A short while back, I bought four more journals. I’ve never bought them “in bulk” before, but about a year ago I found one I like (the ink soaks through the paper a little, but the absorbency is just right for capturing a sharp-edged line that still has plenty of body—paper with no soak-through gives me too slick a surface and spidery writing ((the ink never really becomes part of the page)) and even a stitch more absorbency both fuzzes the line edges and soaks through to a degree that legibility is shot—modern paper is not fountain pen friendly) so I bought a bunch. Looking at that little pile of blank books is both exciting (because I like new books) and a little sobering (because I’m just a little terrified about what might have to be written there, given the current economic trajectory and my tendency to do much better at most everything when the trajectory is, well, exactly opposite).

Here I would like to insert an observation about feet. From a design standpoint, they can be a little odd, if you look at them in a certain way. I mean, your leg is coming down in this well-proportioned taper, a taper all the more interesting because it’s not entirely predictable, given the bold protrusion of the knee, the graceful swelling of the calf and the subtle punctuation of the ankle bone, not to mention the infinitely variable undulations of cellulite on the way down. Then this taper unexpectedly splays out in a sudden slab of footage, with little buds of toeage frabbling insolently on the end of it—the entire body ending, as it were, not with a bang, but a frabble.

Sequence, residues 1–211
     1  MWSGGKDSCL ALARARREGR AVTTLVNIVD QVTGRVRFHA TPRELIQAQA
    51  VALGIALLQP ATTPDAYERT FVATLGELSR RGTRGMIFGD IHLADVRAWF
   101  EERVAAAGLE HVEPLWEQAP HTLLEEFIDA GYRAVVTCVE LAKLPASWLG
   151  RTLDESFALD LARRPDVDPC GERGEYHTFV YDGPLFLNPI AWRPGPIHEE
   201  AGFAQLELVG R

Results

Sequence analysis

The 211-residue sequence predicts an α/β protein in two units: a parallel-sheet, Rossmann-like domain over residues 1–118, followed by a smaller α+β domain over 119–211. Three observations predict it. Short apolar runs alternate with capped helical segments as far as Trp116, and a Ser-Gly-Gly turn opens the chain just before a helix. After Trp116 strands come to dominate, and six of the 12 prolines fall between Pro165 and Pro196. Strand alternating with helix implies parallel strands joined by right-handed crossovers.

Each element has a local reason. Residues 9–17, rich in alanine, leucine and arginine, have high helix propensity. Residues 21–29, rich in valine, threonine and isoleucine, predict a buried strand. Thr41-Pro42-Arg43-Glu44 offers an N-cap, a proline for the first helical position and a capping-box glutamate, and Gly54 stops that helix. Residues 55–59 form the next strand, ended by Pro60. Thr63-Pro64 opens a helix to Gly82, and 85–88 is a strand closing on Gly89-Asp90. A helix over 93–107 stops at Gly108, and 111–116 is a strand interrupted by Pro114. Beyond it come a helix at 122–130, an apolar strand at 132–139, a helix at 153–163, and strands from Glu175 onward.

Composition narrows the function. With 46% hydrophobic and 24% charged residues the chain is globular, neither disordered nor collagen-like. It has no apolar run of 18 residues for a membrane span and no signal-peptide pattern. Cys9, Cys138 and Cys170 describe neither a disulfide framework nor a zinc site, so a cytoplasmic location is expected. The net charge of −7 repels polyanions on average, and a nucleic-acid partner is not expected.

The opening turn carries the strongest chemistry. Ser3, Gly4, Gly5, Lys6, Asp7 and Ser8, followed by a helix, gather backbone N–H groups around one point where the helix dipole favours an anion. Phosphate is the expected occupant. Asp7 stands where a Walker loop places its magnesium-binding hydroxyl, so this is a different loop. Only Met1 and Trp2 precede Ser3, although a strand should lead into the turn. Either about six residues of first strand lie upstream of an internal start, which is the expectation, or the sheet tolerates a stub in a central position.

But don’t look at them in this way. They are, remember, of divine design, and also doggoned functional. Still, as nature blurs the divine design and nurture frustrates it altogether (the Asian practice of binding women’s feet ((what were they thinking?)), the Euro-American conspiracy of high heels ((what were they thinking?)), the Neo-sadists’ refinement of cowboy boots ((what were they think… no, let’s not go there)) ), feet can become odd. Mine, for example are possessed of at least one pinky toe that has not a nail, but a sort of lump. The same foot juts in a triangular manner that I am told is arthritic—a “spur.” The other foot is okay, but will not be hung with a blue ribbon by anybody this year.

To connect journals, feet and finer things, I give you the two final entries in the last journal, just finished:

14 November 2010

“In the middle of the night, unable to sleep, I thought about the Lord asking that I have ‘an eye single’ to His glory. His glory is ‘to bring to pass the immortality and eternal life of man.’ If I celebrate and enjoy what I can’t do (to help Him), and help with what I can do, maybe I can obey this. Worrying about doing this, preparing to do this, regretting my inability to do this—none of these things is ‘doing this.’”

16 November 2010

“To harmonize with and give wings to the idea of having an eye single to God’s glory is the much-quoted passage in Isaiah 57, ‘How beautiful upon the mountains are the feet of him that bringeth good tidings, that publisheth peace…that saith unto Zion, Thy God reigneth!’

“Most of my life, especially including now, is spent in ‘pre-publication mode.’ Now I will ask myself ‘What will I do to publish peace today?’ It can certainly mean getting my witness-in-art into people’s ears. That can happen almost daily, if I work at it. But it can also mean simply bringing light and covenant-based encouragement to individuals—peace.

“Yesterday this simple resolve urged me to drop by the Hale Theater box office just to visit Rachel Woodward, a ‘110 In the Shade’ friend whom I like a lot. It made her glad. Me, too. It published *peace.”